Monday, May 18, 2009

The Fibonacci poem

If you like writing scifaiku, check out the newest kid on the block, the Fibonacci poem! Based on the Fibonacci sequence, a mathematical relationship that commonly appears in nature, the Fibonacci poem consists of 20 syllables in six lines. The six lines have 1,1,2,3,5,and 8 syllables.

Do you see the pattern? If you assume a "0" at the beginning of this sequence for 0,1,1,2,3,5,8 ... then the sum of each number in the sequence is obtained by adding the two numbers preceding it: 0+1=1, 1+1=2, 1+2=3, and so on. In mathematics, the Fibonacci sequence can go on endlessly. In poetry, though, lines longer than eight syllables are hard to manage.

"Fibonacci sequences appear in [nature], such as branching in trees, arrangement of leaves on a stem, the fruitlets of a pineapple, the flowering of artichoke, an uncurling fern and the arrangement of a pine cone." (source: Wikipedia). This is the underlying math behind why we commonly see flowers with 3 or 5 petals instead of 2 or 4 petals.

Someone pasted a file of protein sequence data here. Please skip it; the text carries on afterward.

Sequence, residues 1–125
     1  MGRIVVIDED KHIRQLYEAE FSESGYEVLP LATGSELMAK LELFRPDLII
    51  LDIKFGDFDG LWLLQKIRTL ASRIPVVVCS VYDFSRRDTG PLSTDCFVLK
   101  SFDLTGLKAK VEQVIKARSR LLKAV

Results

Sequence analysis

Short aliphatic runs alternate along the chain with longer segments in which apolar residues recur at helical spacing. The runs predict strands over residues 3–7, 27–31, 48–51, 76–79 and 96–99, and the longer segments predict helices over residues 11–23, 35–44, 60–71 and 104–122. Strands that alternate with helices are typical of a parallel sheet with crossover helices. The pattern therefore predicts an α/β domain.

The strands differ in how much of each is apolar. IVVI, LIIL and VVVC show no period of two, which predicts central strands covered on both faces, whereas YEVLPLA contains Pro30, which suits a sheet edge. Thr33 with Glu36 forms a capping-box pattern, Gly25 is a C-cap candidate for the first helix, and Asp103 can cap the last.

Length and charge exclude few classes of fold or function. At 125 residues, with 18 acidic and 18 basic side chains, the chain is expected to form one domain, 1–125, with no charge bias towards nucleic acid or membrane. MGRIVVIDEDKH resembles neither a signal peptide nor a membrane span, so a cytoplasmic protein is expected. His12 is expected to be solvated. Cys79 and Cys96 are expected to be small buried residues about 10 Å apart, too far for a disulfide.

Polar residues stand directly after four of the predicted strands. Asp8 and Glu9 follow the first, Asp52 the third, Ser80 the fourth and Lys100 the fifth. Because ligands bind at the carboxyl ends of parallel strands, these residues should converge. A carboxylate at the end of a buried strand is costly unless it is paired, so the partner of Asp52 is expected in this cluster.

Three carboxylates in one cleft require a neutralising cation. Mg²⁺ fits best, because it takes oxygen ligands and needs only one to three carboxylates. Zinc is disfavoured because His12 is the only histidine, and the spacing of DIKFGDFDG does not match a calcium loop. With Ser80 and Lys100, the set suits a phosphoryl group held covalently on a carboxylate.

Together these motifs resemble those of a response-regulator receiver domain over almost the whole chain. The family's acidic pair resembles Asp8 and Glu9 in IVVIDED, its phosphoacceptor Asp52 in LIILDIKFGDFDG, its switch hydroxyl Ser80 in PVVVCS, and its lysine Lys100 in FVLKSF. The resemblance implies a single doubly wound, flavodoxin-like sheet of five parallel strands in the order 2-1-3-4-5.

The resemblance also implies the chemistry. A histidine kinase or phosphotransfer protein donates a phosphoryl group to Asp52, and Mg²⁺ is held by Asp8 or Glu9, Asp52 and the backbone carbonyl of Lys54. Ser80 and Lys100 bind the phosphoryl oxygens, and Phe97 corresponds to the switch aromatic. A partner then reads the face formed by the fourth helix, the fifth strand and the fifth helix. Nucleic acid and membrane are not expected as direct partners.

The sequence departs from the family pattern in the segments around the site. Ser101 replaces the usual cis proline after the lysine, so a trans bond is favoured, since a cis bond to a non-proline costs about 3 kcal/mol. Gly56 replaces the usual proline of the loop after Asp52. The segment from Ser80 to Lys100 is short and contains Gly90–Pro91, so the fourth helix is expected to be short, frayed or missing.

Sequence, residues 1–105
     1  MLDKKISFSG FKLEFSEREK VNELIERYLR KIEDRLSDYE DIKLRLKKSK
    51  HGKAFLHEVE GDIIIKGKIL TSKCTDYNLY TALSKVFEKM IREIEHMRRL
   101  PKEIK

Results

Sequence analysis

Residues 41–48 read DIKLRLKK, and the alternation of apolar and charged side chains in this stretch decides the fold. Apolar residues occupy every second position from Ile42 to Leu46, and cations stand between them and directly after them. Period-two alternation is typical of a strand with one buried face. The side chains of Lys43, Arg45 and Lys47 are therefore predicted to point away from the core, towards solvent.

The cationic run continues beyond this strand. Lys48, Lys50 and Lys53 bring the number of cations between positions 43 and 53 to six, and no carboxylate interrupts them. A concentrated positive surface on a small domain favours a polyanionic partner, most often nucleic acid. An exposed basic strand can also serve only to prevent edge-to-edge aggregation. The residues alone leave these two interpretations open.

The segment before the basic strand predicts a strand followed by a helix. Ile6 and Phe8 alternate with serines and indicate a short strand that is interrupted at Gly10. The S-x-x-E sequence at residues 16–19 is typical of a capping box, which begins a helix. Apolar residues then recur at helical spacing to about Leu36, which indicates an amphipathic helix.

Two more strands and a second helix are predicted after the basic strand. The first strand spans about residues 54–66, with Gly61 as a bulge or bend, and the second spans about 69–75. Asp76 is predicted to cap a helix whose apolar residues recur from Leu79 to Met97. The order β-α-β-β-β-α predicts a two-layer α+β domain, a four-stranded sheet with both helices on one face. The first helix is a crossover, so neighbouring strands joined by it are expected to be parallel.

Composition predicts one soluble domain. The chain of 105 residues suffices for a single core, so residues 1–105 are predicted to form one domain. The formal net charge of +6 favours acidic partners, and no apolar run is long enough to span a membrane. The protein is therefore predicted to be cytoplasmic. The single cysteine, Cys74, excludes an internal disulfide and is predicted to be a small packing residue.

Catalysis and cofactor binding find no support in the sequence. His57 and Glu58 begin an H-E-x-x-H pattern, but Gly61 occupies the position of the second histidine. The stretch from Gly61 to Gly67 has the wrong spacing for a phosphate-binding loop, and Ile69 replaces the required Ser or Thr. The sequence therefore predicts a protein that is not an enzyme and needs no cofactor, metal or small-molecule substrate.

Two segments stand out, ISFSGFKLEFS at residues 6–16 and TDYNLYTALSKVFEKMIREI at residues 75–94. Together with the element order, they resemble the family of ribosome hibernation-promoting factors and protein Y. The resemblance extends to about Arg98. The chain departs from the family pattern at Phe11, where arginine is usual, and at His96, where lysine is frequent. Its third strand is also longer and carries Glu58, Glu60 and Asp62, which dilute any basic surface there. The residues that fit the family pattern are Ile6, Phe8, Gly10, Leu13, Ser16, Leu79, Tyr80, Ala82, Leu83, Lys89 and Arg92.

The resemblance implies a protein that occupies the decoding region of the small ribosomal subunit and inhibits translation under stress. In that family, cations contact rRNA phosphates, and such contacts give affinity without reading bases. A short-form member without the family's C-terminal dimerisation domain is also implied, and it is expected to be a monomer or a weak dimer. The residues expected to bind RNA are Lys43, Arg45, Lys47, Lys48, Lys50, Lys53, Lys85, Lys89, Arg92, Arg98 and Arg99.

Photo credit: Esdras Calderan, through a Creative Commons Attribution 2.0 Generic license

Fibonacci sequence poems, or fibs, had a huge resurgence in 2006, when Gregory K. Pincus discussed the form in this blog post during National Poetry Month. The newly rediscovered poetry form became so popular online that the New York Times wrote an article about fibs going viral. Their sudden popularity spawned Fibetry, an online forum devoted solely to fibs, and a new journal, the fib review.

Like scifaiku, fibs are fun and strangely addicting to write. This one is a science fiction fib, so I guess that makes it a scifib.

your scaly green skin
looks so strange paired with my blue eyes


If you like this post, you might also like:

Try your hand at science poetry

Massachusetts Science Poetry Contest

Science Poem: Intrasolar interloper

Meet Scifaiku


Jessie Carty said...

Great article :) I LOVE combining science and poetics even if I was terrible at science and math in school. Much easier as an adult to study it without the pressure of a grade.

jublke said...

Thanks, Jessie! It's my theory that everyone has a special way that they get "into" math & science. Sounds like yours is poetry! BTW, it was great to "meet" you during the Great Poetry Book Giveaway of 2010. :) I am enjoying the two books of poetry that I won and I can't wait to do it all again next year. If Kelli got 55 bloggers to participate this year, I wonder how many will join in next year?